As 2022 draws close, McAfee considers how the 2023 threat landscape might look. This year saw the continued evolution of scams, which is unlikely to slow down, as well as greater adoption of Chrome as an operating system. The introduction of AI tools that are easy and accessible, the popularity of cryptocurrency and the emergence of “Web3” will have significant implications. All of these set the stage for 2023 that promises advancement in how we interact with technology and how bad actors can exploit it and, in turn, us. Below are McAfee’s predictions for 2023 and a few tips to stay safe.
AI Goes Mainstream, and the Distribution of Disinformation Rises
Humans have been fascinated with and fearful of Artificial Intelligence for almost as long as we’ve been using computers. While AI is rapidly evolving, it’s still humans at the heart of its nefarious uses.
Within the last few months, several applications have become available for public use, meaning AI-generated images, videos and even voices are no longer something that only a select few are capable of – now anyone with a phone or computer can take advantage of the technology using applications like Open AI’s Dall-E or stability.ai’s Stable Diffusion. Google has even made creating AI-generated videos more accessible than ever.
What does this mean for the future? It means the next generation of content creation is available to the masses. Consumers will have the ability to create AI-generated content in minutes. Desktop publishing, photo editing, and inexpensive home printers created major advances that empowered individuals to create content that previously required a professional graphic artist. These technologies will enable sophisticated outputs with minimal expertise.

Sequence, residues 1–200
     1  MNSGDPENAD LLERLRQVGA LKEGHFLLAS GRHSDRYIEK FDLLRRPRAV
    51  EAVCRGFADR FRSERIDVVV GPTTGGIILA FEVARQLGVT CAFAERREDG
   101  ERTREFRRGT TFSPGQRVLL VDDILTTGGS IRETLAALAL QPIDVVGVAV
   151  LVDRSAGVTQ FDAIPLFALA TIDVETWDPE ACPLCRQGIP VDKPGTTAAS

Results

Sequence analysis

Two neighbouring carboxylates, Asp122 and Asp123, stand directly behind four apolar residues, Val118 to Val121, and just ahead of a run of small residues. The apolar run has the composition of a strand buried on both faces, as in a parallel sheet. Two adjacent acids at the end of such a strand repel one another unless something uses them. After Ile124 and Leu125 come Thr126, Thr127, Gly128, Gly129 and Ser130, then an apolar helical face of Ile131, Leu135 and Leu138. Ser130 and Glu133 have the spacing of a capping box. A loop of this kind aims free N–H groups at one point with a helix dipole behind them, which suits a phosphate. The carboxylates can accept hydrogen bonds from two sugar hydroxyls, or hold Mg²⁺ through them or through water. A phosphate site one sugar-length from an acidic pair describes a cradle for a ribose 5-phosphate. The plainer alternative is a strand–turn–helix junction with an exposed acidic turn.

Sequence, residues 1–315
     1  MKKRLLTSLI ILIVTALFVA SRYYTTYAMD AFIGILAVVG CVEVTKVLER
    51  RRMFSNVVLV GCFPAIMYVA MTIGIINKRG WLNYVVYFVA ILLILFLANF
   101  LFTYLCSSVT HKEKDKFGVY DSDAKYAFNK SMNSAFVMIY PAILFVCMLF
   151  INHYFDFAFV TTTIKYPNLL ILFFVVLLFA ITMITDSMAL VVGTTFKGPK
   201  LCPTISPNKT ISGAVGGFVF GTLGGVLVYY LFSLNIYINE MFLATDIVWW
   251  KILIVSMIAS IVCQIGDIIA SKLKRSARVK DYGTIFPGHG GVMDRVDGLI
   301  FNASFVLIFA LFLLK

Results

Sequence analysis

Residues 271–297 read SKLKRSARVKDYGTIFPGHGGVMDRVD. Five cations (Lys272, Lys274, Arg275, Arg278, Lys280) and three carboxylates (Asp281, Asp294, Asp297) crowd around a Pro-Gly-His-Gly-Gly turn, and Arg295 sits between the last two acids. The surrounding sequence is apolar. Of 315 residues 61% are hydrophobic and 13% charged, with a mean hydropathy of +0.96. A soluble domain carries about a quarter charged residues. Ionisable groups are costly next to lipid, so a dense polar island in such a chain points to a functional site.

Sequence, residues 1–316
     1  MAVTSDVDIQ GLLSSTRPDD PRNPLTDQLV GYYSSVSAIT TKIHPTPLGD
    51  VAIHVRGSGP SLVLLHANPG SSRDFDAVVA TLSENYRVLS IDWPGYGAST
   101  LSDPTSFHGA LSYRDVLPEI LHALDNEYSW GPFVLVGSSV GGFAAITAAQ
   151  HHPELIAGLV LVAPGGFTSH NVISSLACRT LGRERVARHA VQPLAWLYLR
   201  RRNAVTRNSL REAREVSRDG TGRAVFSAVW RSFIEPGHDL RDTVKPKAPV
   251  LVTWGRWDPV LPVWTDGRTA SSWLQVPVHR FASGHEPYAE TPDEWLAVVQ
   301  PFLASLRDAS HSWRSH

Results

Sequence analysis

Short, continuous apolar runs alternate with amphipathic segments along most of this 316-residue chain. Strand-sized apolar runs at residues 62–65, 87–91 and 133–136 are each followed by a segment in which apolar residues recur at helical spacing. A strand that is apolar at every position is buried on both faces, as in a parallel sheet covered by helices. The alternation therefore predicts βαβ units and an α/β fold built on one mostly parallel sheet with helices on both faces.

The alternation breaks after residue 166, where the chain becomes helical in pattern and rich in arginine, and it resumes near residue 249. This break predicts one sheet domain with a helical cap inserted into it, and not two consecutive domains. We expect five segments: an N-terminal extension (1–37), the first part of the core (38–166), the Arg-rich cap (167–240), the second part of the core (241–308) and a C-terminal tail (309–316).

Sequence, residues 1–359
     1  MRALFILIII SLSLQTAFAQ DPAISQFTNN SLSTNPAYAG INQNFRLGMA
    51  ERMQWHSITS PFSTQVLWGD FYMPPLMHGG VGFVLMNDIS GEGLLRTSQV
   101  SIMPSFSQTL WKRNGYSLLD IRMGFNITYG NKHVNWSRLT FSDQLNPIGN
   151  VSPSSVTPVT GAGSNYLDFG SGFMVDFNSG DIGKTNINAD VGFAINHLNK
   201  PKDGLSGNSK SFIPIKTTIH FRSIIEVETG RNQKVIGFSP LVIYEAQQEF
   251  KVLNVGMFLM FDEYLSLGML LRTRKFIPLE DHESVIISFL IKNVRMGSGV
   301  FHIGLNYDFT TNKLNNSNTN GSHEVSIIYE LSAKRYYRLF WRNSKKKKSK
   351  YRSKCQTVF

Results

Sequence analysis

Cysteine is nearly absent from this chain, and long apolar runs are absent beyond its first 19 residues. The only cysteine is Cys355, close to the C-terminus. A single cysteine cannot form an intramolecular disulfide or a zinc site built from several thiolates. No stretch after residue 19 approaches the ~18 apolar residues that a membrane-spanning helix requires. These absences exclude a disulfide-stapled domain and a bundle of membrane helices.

Advances in desktop publishing and consumer printing also provided benefits to criminals, enabling better counterfeiting and more realistic manipulation of images. Similarly, various bad actors will also use these emerging next-generation content tools. From cyber criminals to those seeking to influence public opinion falsely, these tools will empower scammers and propagandists to take their tradecraft to the next level with more realistic results and significantly improved efficiency.
Globally, the political environment is polarized and will ramp up in 2023 as the US begins the 2024 Presidential election cycle in earnest. The emergence of accessible next generation generative AI tools and what will be a highly contested 2024 election season is a perfect storm for creating and distributing disinformation for political and monetary gain.
This extends to AI chatbots as well. The recent launch of conversational AI chatbot, ChatGPT, highlights two of our main concerns for the year ahead – AI and the potential for disinformation. AI signals the next generation of content creation becoming available to the masses. So just as advances in desktop publishing and consumer printing allowed criminals to create better counterfeits and more realistic manipulation of images, these tools will be used by a range of bad actors, from cybercriminals to those seeking to falsely influence public opinion, to take their craft to the next level with more realistic results.
Consumers must be more mindful of the content they consume and its sources. Fact-checking images, videos, and news content, something that’s already on the rise, will continue to be a necessary and valuable part of media consumption.